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Health district delays appointing new director

Candidate interviewed but split vote will give time for more applicants

Rick Monroe

Special to the Village News

After Stephanie Ortiz suddenly resigned Nov. 9 as one of five directors of the Fallbrook Regional Health District, the board met for a special meeting Nov. 30 to select a replacement to serve Zone 2 through 2024.

There was one applicant, Mike Stanicek, who each of the four directors said was an excellent fill-in for the elected position. However, after meeting for an hour, the directors ultimately decided to delay the decision until Dec. 14, their only remaining meeting of the year.

That meeting is when Howard Salmon, board chair and member of the board since 2014, will be replaced by Terry Brown, winner of the Nov. 8 election with 62% of the vote in Zone 5. Board members Jennifer Jeffries and Bill Leach were re-elected with 54% in Zone 1 and Zone 3, respectively, in uncertified results.

Barbara Mroz, vice chair, is in the middle of her 2020-2024 term.

The Dec. 14 meeting will include the swearing-in of Brown. The new board will have a closed-door session to select its officers and other business, then move on to the regular agenda – which will include selecting a Zone 2 replacement. With a four-member board, it would require three yes votes for a majority.

At the Nov. 30 meeting, the board interviewed the applicant, Stanicek, a Fallbrook resident of 5½ years who has been a volunteer in the community and an active member of the Fallbrook Chamber of Commerce. He was selected Ambassador of the Year by the chamber and was asked to join its board and executive committee.

Salmon and Jeffries voted to nominate Stanicek, but the motion didn’t pass when Mroz and Leach voted no.

Both Mroz and Leach said Stanicek was a fine candidate, but thought the board was rushing the process and that the community should be given more time for there to be more applicants, citing the Thanksgiving holiday as a factor.

District 2 covers the downtown area of Fallbrook, plus nearby neighborhoods that are higher cost, said district CEO Rachel Mason after the meeting. She noted that the area was identified as a clear “minority majority zone” when the geographic boundaries were drawn, giving the Hispanic population in the area an opportunity for representation on the board. Ortiz is Hispanic and Stanicek is White, but board members didn’t indicate that was the reason for delaying the appointment.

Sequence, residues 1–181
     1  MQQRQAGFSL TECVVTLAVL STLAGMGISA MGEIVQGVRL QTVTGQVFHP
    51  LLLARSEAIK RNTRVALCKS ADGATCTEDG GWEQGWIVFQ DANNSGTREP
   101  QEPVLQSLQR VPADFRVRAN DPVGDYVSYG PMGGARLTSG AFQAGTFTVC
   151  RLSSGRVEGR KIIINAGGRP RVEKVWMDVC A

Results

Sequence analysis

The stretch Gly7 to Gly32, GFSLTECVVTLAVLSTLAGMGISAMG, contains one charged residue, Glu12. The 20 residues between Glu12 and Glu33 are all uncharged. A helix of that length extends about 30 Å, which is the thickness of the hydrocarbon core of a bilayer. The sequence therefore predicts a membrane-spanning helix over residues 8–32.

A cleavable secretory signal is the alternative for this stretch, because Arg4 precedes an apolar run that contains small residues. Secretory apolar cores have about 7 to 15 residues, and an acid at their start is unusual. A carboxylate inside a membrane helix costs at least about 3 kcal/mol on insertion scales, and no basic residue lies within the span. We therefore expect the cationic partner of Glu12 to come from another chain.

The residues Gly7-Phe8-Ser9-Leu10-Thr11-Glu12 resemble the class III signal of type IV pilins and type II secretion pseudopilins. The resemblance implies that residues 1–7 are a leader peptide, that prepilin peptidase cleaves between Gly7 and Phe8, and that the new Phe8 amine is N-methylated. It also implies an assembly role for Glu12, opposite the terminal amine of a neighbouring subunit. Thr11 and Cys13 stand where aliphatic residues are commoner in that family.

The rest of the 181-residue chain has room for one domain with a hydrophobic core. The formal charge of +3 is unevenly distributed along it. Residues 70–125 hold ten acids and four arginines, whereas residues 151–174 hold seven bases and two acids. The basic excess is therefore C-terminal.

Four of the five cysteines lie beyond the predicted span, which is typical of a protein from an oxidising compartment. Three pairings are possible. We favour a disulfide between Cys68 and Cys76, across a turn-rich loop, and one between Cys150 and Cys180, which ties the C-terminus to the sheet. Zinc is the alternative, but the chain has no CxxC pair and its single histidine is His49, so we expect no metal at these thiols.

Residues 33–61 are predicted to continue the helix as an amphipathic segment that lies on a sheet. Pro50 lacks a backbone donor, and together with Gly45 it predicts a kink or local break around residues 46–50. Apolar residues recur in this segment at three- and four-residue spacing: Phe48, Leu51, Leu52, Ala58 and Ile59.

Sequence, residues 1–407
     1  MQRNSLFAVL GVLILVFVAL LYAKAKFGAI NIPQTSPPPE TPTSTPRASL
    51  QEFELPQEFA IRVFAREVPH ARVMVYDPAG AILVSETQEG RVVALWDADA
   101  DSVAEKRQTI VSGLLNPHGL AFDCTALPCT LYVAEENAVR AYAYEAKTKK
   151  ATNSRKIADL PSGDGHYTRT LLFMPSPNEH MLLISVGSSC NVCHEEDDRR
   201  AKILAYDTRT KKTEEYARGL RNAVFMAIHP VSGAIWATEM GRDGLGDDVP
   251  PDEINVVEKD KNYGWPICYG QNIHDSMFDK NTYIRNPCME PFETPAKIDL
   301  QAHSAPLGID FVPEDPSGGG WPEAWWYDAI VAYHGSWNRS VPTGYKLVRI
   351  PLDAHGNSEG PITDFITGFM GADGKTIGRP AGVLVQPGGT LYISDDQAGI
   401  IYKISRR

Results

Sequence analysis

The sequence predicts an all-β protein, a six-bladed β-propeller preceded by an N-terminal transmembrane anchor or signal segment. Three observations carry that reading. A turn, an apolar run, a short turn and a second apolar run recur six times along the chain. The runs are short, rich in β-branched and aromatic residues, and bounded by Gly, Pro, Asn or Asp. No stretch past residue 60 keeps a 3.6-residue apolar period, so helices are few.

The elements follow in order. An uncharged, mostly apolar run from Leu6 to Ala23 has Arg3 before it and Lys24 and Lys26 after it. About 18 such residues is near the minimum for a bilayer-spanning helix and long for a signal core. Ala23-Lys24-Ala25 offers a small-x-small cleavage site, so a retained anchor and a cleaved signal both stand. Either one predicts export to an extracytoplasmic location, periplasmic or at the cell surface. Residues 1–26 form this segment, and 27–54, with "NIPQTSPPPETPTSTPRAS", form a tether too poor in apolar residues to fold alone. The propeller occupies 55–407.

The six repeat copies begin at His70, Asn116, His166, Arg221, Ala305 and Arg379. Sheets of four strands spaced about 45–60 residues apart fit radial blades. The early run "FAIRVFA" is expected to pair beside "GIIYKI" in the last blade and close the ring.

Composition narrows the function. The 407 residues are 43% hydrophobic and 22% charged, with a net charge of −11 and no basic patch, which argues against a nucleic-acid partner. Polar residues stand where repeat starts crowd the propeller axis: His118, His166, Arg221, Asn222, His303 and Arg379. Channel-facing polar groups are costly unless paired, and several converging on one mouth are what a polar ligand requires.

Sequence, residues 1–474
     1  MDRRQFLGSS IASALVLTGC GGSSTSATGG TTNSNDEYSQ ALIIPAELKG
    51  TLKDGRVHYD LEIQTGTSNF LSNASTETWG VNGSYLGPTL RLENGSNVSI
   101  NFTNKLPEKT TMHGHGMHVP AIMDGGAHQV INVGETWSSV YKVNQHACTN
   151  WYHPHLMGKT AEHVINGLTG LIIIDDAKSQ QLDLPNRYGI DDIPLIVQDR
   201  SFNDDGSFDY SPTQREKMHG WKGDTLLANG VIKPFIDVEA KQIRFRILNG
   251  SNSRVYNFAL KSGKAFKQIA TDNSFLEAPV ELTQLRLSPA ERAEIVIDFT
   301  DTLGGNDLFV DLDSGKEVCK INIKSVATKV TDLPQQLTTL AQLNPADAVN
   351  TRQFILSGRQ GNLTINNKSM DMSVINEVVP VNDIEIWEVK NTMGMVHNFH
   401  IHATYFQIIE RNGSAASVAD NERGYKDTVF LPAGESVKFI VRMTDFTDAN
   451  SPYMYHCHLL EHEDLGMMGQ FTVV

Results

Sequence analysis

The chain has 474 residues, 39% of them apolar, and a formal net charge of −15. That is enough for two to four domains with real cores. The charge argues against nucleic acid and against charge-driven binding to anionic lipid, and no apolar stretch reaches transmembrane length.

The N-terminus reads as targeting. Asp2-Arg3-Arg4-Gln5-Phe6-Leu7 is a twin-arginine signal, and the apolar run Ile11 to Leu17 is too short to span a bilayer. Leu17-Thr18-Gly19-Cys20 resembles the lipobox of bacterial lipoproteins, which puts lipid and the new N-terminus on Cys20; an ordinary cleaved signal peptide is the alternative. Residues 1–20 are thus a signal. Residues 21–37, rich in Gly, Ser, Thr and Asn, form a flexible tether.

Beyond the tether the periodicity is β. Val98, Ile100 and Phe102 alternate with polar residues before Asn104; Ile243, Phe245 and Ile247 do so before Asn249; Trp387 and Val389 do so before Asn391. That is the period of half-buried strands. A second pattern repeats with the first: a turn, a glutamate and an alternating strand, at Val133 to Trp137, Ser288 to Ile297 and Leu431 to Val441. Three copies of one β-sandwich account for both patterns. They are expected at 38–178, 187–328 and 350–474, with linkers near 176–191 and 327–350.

Mason suggested the extended deadline for people living in Zone 2 to apply should be several days before the Dec. 14 meeting so board members could review the resumes of any applicants. The deadline is Friday, Dec. 9, at 5 p.m. She said anyone interested in running should contact her at the district office to make sure they reside in the correct geographic zone. Others in the community have inquired about the open seat but didn’t live in Zone 2.

Ortiz resigned because she moved to Oceanside.

Jeffrey Scott, legal counsel for the district, said the board must select a replacement by Jan. 9, or order a special election. Otherwise, the matter would go to the County Board of Supervisors for a decision. A special election would cost the district about $15,000.

During the Nov. 30 meeting, each of the board members asked questions of Stanicek, who said he chose to run because he felt that with his executive marketing career background, it was “time to give back.”

At the conclusion of the meeting, board members saluted Salmon for his dedication to the district and presented him a gift basket.

 

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